While most litigants file suit with the idea of having their day in court, most lawsuits, including those asserting claims under Texas employment law, never reach the trial-by-jury phase. The fact is that many cases are eventually settled between the respective parties, sometimes confidentially, and countless others are often resolved in another manner – dismissal by the court prior to trial. Thus, pre-trial proceedings can be very important – at least as important as what happens at trial and perhaps even more so in some cases.
Facts of the Case
In a recent appellate case arising in the Judicial District Court of Waller County and heard on appeal by the Texas Court of Appeals for the Fourteenth Court of Appeals, the plaintiff was the head coach for a women’s college basketball team. In 2015, the plaintiff removed two female student athletes from the team because they were dating one another. The college’s Title IX coordinator found that the plaintiff had violated XI by implementing and enforcing a team rule against players dating, and the plaintiff was subsequently fired for cause.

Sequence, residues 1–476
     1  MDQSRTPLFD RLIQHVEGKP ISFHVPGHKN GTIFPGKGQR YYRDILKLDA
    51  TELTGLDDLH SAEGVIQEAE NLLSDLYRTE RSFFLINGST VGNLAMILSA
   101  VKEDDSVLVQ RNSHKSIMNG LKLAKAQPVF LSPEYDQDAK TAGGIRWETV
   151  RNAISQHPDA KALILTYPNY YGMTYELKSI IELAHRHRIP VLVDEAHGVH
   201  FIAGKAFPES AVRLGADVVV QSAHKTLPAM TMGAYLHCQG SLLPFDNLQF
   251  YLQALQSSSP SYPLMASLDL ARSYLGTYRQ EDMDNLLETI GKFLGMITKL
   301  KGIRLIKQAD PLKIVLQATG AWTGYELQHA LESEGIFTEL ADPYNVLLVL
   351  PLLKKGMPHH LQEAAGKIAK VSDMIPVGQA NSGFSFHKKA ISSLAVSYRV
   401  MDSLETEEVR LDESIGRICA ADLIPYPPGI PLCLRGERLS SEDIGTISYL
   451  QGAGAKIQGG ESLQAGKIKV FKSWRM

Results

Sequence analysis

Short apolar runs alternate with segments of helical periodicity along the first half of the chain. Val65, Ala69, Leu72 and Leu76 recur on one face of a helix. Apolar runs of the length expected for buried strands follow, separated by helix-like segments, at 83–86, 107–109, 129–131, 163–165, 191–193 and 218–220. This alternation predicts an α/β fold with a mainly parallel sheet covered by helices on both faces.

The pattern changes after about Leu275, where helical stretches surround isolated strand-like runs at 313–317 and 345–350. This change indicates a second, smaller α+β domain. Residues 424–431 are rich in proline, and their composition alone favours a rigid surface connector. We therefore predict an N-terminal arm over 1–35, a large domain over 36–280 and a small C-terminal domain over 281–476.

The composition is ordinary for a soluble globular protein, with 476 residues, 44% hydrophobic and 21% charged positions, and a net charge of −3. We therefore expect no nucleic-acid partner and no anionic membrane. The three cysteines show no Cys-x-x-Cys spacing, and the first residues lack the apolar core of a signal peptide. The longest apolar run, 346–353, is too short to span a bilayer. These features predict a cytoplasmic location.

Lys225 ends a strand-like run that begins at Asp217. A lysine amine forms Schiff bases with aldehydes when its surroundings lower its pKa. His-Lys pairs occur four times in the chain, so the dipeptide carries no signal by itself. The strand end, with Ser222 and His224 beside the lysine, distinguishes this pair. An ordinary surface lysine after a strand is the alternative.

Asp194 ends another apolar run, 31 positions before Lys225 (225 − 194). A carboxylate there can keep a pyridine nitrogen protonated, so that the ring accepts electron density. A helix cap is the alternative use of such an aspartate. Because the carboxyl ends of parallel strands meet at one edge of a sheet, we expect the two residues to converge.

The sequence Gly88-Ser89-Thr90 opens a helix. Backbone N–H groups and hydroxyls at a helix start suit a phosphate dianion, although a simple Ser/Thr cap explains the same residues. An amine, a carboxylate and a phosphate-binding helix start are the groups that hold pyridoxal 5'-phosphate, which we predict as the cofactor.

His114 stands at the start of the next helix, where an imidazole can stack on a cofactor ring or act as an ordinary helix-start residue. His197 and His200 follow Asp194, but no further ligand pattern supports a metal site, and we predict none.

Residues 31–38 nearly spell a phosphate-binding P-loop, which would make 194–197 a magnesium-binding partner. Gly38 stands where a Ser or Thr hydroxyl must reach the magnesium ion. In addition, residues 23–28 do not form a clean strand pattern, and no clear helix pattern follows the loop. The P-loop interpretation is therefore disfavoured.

Thereafter, the plaintiff filed suit against the college and its athletic director, asserting claims for breach of contract, defamation, and tortious interference. The athletic director was named in both his individual and official capacities in the suit. The defendants filed a plea to the jurisdiction, asking the trial court to dismiss the plaintiff’s claims, with prejudice, based on governmental immunity and the election-of-remedies rule. The plaintiff then filed an amended petition, asserting only her defamation claim and her tortious interference claim; these claims were brought only against the athletic director in his individual capacity. The plaintiff then filed a motion for a voluntary nonsuit against the college and against the athletic director in his official capacity. Continue reading